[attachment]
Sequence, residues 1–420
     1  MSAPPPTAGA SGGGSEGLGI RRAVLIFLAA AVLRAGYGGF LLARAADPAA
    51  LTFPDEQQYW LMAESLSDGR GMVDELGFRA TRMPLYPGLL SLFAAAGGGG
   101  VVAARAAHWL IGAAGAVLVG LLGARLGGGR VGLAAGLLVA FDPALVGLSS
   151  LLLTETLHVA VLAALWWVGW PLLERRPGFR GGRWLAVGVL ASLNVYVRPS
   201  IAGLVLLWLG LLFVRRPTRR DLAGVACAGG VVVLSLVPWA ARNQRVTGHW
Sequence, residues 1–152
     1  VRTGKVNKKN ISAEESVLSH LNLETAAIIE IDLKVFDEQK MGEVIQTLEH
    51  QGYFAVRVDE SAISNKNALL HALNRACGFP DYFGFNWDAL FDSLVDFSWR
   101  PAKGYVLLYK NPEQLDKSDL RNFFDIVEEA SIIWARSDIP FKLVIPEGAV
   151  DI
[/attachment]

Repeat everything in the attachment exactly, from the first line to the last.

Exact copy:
Sequence, residues 1–420
     1  MSAPPPTAGA SGGGSEGLGI RRAVLIFLAA AVLRAGYGGF LLARAADPAA
    51  LTFPDEQQYW LMAESLSDGR GMVDELGFRA TRMPLYPGLL SLFAAAGGGG
   101  VVAARAAHWL IGAAGAVLVG LLGARLGGGR VGLAAGLLVA FDPALVGLSS
   151  LLLTETLHVA VLAALWWVGW PLLERRPGFR GGRWLAVGVL ASLNVYVRPS
   201  IAGLVLLWLG LLFVRRPTRR DLAGVACAGG VVVLSLVPWA ARNQRVTGHW
Sequence, residues 1–152
     1  VRTGKVNKKN ISAEESVLSH LNLETAAIIE IDLKVFDEQK MGEVIQTLEH
    51  QGYFAVRVDE SAISNKNALL HALNRACGFP DYFGFNWDAL FDSLVDFSWR
   101  PAKGYVLLYK NPEQLDKSDL RNFFDIVEEA SIIWARSDIP FKLVIPEGAV
   151  DI